Nearly 450 million people have visited YouTube and clicked on Macklemore & Ryan Lewis’ video for the uber-fun novelty tune “Thrift Shop.” Yet only 5,000 of them showed up to support the duo on Saturday, when M&RL showed up in First Niagara Center for a show on their “The Heist” tour.
Clearly, we are still working out the kinks when it comes to this whole “turning Internet hits into money” thing.
You’d think a half-empty hall would be a major buzz-kill for a big arena-pop show. Yet Macklemore – whose mom most likely still thinks of him as her son, Ben Haggerty – turned the paucity of turnout into a plus.
How? He simply reframed the experience as something only the elite and in-tune might understand.
“The last time we played Buffalo, we were in this sports bar that was tiny, and there were, like, 20 people there,” Macklemore told the small but incredibly vocal and enthused crowd. “Now, there’s 5,000 of you here!”
That was smart. And smart was something Macklemore proved to be throughout the evening, whether he was making poor attendance seem like a positive, or addressing a crowd he knew was comprised largely of teens and barely post-teens in a warm, informal language they likely understood as their own, on topics ranging from intolerance and bullying to his own personal struggle with substance abuse.
Macklemore, aka Haggerty, proved to be the heart and soul of Saturday’s show. In fact, his personality eclipsed the music itself, more often than not. With his compatriot Lewis sitting atop a massive riser in the spot that would normally be given over to a drum set, the rapper worked the crowd from the front of the stage, appearing at times like some sort of hip-hop version of David Lee Roth and Axl Rose rolled into one.
The music itself wasn’t exactly going to raise the roof on its own. A soulful blend of R&B and hip-hop, bolstered by samples from other people’s records, and elevated by a cellist, violinist and a two-piece horn section, the M&RL sound came across as prefabricated and slightly sterile. The lack of a rhythm section – no live drummer and no bassist were in the house – certainly added to this absence of the human element. (Some folks call this “the groove.” Its existence depends on the interaction between living, breathing musicians.)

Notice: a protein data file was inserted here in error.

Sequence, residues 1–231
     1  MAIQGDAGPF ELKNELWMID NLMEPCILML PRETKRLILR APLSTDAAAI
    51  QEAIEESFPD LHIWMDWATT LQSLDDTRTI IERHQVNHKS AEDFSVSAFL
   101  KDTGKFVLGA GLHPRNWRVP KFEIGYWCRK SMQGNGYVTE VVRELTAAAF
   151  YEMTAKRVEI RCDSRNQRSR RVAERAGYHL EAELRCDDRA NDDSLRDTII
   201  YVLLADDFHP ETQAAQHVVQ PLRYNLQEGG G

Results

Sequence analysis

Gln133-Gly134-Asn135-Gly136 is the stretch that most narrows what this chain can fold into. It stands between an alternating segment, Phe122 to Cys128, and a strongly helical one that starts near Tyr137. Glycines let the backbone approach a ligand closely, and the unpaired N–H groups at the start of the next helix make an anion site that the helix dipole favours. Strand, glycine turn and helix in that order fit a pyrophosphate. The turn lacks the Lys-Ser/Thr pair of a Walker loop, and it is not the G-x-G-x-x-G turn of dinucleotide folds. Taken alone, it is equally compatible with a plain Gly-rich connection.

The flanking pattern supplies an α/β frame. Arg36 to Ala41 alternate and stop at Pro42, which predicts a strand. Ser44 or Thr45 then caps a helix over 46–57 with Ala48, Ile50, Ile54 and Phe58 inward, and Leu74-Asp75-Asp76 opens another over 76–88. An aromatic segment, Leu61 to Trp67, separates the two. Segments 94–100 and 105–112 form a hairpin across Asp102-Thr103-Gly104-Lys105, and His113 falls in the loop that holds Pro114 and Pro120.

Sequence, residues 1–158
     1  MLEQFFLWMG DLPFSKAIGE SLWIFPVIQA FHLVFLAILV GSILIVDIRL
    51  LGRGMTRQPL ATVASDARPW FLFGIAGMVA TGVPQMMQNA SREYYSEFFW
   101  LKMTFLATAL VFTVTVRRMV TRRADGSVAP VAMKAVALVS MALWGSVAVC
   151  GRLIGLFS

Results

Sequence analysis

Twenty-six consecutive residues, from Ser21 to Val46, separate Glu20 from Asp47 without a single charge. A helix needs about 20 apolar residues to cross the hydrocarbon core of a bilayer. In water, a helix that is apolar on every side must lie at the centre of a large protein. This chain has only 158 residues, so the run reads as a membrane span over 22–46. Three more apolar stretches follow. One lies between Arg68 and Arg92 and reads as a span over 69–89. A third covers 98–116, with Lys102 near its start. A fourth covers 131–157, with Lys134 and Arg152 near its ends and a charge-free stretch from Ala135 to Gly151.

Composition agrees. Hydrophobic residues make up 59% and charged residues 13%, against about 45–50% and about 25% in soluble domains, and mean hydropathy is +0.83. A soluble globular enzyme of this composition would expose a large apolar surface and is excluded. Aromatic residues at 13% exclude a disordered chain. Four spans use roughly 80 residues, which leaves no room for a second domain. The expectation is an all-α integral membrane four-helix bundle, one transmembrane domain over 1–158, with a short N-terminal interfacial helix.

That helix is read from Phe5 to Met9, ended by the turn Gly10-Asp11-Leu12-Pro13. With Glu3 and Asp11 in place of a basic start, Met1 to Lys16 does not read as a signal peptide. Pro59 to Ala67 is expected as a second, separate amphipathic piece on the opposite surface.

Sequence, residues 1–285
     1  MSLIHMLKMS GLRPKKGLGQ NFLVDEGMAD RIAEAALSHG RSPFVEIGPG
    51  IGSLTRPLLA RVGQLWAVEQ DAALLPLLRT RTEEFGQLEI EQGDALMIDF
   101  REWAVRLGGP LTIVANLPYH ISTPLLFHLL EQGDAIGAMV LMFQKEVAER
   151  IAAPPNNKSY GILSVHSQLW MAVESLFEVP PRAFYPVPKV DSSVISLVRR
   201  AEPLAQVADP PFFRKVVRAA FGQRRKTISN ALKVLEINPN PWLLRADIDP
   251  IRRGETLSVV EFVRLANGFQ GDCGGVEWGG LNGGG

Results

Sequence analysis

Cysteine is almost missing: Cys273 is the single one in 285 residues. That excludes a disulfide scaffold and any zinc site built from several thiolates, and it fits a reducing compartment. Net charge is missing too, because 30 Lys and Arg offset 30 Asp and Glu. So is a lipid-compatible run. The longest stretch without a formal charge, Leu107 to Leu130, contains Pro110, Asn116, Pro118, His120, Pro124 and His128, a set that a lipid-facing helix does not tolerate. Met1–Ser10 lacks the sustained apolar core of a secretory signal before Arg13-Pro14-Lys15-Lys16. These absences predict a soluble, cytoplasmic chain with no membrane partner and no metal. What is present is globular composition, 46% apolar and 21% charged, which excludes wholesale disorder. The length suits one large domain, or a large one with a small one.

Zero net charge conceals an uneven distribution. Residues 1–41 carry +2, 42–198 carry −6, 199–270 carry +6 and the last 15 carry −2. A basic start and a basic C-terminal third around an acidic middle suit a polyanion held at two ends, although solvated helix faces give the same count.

Yet Macklemore himself came across as a passionate, fiery and incredibly alive host. From the moment he rose atop a platform beneath the stage during opener “Ten Thousand Hours,” the skinny rapper with the modified rockabilly hairdo appeared to be completely in control of the situation. With a relatively subdued – by today’s major tour standards – light show, and tasteful rear projections adding drama to the proceedings, Macklemore single-handedly channeled the energy inherent to the songs on “The Heist” to the crowd. He was a dynamo, and his rapping maintained the flow and the slightly scratchy upper baritone tonality that surely endeared M&RL’s music to much of its fan base in the first place.
Macklemore had little help from his buddy Lewis, who seemed content to stroll around his elevated platform, sometimes acting as DJ, sometimes grabbing the microphone to do a cheerleader type of act, and sometimes banging on the random percussion scattered around his riser. Lewis is a major player when it comes to the recording studio, but far less so on the concert stage.
With only one full-length album to its credit, the Macklemore & Ryan Lewis set list was far from surprising, composed as it was of, essentially, the “Heist” album. That was fine with the crowd, all of whom appeared to be intimately familiar with all of the material, not just the hits “Thrift Shop” (Macklemore asked a guy in the crowd to pass his thrift shop-purchased faux-fur coat up to the stage, and then put it on and wore it throughout the song), “Same Love” and “Can’t Hold Us.”
There were surprises, too. When singer Mary Lambert emerged to reprise her gorgeous gospel-tinged hit from the original studio version of “Same Love,” the crowd ate it up. But when the English pop-folk singer/songwriter Ed Sheeran appeared out of nowhere and started adding his own magic to the tune, the place went nuts.
“Ed flew to Buffalo specifically to do this,” Macklemore told the happily stunned crowd.
Macklemore’s between-song raps and rants came across as the high points of the show. He is difficult to dislike, from an audience’s perspective. And his blatant, occasionally disturbing honesty and forthright nature came across as genuine. His raps were motivational and appeared to be making an impact on the largely teenage audience.
So M&RL weren’t quite ready to make the leap from YouTube sensations to arena headliners. This show would’ve been a sellout at, say, Shea’s. That’s OK. Macklemore should build it up slowly, in an “old-school” fashion. Based on Saturday’s show, it certainly seems that the duo still has some important work to do.